The seasoned legal team at Gregory S. Young Co., LPA, has protected the rights of injured persons since 1958.

Is drunk driving still a problem in Ohio and Kentucky?

Despite strong laws against drunk driving in Ohio and Kentucky, both states have experienced an increase in the number of people killed by negligent drunk drivers who refuse to put away their keys when they consume alcohol.

Since the 1980s, advocacy groups like Mothers Against Drunk Driving have worked tirelessly to raise awareness about the dangers of drinking and driving. It should be no surprise to anyone in Ohio or Kentucky that operating a vehicle after consuming alcohol is not only unsafe and negligent but can also be illegal if a person’s blood alcohol content exceeds 0.08%

Unfortunately, there continue to be far too many drivers who seem more focused on their own immediate wishes than on the safety of others. Ohio and Kentucky have both recorded an increase in drunk driving deaths in the recent years.

Ohio drunk driving fatalities

Records from the National Highway Traffic Safety Administration show that Ohio saw its drunk driving fatalities increase for four consecutive years from 2013 to 2017. In 2013, there were 266 such deaths and in 2017, 333 people across the state lost their lives at the hands of intoxicated drivers. During those five years, fatalities in which alcohol was a factor contributed to anywhere from 27% to 30% of the state’s total automobile accident deaths.

Kentucky drunk driving fatalities

In 2013, Kentucky recorded 166 vehicular fatalities related to alcohol. In 2017, that number had increased to 181, after a one-year dip to 176 in 2016 from a high of 192 in 2015. Drunk driving deaths accounted for as many as 26% of the state’s total accident deaths for every one of the five years spanning 2013 to 2017.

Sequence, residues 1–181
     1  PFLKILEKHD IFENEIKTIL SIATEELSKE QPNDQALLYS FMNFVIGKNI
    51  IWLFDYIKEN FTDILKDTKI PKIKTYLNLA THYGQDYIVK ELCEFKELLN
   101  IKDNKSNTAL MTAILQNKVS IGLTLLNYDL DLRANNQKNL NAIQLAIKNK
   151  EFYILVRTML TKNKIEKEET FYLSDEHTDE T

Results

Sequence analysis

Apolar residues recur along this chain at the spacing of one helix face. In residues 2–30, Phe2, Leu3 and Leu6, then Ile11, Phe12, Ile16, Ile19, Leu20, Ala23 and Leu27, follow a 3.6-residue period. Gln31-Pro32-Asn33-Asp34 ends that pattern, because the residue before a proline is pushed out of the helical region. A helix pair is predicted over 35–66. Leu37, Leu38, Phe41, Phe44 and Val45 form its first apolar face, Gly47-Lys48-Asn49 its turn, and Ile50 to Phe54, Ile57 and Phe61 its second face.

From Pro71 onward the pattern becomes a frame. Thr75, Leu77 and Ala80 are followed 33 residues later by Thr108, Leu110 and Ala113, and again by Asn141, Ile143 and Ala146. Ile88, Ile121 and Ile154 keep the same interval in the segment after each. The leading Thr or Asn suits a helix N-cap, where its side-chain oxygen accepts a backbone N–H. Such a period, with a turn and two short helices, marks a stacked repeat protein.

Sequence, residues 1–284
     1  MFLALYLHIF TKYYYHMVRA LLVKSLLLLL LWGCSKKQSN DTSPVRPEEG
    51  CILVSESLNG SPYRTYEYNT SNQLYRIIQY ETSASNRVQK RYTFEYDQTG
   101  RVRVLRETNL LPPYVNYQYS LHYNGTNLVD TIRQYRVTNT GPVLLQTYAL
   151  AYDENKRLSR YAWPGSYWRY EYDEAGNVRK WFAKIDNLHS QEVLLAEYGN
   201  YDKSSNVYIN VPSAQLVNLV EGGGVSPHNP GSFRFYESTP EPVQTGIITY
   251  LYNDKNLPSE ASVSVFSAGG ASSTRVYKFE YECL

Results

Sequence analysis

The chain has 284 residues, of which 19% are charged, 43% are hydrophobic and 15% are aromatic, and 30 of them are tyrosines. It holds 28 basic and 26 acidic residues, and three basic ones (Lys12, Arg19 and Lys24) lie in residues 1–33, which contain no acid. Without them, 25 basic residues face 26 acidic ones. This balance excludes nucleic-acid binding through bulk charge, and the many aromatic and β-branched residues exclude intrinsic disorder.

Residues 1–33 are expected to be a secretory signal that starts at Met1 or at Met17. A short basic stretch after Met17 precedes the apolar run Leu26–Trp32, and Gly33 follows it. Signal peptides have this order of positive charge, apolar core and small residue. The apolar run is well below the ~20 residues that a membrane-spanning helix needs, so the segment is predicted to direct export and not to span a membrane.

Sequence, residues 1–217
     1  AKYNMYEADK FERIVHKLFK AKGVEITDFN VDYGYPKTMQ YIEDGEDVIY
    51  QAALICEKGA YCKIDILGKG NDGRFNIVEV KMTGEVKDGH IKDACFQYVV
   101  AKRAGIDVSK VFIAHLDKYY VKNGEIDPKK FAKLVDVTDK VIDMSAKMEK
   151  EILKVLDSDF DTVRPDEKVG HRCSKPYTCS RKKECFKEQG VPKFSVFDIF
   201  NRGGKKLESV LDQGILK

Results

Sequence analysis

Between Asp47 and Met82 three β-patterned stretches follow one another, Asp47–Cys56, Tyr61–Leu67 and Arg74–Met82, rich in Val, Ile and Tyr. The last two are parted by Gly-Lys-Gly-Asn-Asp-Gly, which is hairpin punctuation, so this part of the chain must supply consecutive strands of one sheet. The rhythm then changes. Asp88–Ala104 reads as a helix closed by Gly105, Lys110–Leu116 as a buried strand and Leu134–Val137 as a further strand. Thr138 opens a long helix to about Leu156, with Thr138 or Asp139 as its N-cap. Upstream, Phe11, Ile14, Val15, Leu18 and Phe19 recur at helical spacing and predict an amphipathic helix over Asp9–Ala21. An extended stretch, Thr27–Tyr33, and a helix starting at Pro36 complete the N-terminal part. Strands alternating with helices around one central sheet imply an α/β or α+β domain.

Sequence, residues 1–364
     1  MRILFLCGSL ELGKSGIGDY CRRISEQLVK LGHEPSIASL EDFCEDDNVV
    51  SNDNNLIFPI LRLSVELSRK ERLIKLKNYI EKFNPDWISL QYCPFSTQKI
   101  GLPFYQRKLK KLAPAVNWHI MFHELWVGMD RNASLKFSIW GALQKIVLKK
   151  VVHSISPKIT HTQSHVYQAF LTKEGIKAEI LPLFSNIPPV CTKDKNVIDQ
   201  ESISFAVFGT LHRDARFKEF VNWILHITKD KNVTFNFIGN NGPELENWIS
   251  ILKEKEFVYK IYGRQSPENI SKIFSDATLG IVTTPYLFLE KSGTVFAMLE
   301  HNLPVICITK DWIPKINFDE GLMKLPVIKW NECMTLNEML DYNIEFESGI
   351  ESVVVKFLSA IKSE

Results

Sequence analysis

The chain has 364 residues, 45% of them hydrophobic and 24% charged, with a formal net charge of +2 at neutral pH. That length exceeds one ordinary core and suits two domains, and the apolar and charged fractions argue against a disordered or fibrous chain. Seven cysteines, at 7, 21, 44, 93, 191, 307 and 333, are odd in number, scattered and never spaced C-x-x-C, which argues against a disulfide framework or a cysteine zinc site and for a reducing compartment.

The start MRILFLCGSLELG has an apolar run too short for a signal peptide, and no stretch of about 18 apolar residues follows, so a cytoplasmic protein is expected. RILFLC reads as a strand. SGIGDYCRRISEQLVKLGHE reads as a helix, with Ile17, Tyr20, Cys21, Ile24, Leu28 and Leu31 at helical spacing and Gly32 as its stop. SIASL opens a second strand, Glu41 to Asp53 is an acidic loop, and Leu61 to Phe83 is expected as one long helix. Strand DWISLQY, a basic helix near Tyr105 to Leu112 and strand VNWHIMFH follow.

Drunk driving laws may not be tough enough

Many states around the nation require ignition interlock devices for all people convicted of impaired driving offenses. However, a driver in Ohio or Kentucky may not be required to install and use an IID until they are faced with a second or subsequent offense within a 10-year period.

In Ohio, drivers convicted of a first charge of operating a motor vehicle while under the influence of alcohol may be subject to a driver’s license suspension for up to 12 months. They may, however, be able to reinstate their driving privileges by voluntarily using an IID.

In Kentucky, a first drunk driving offense may result in a license suspension of only between 30 days and 120 days.

Accident victims deserve help

Anyone who has been involved in or lost a loved one in an accident caused by a selfish, drunk driver deserves compensation. Reaching out to an experienced attorney in Ohio or Kentucky after such an incident is recommended.

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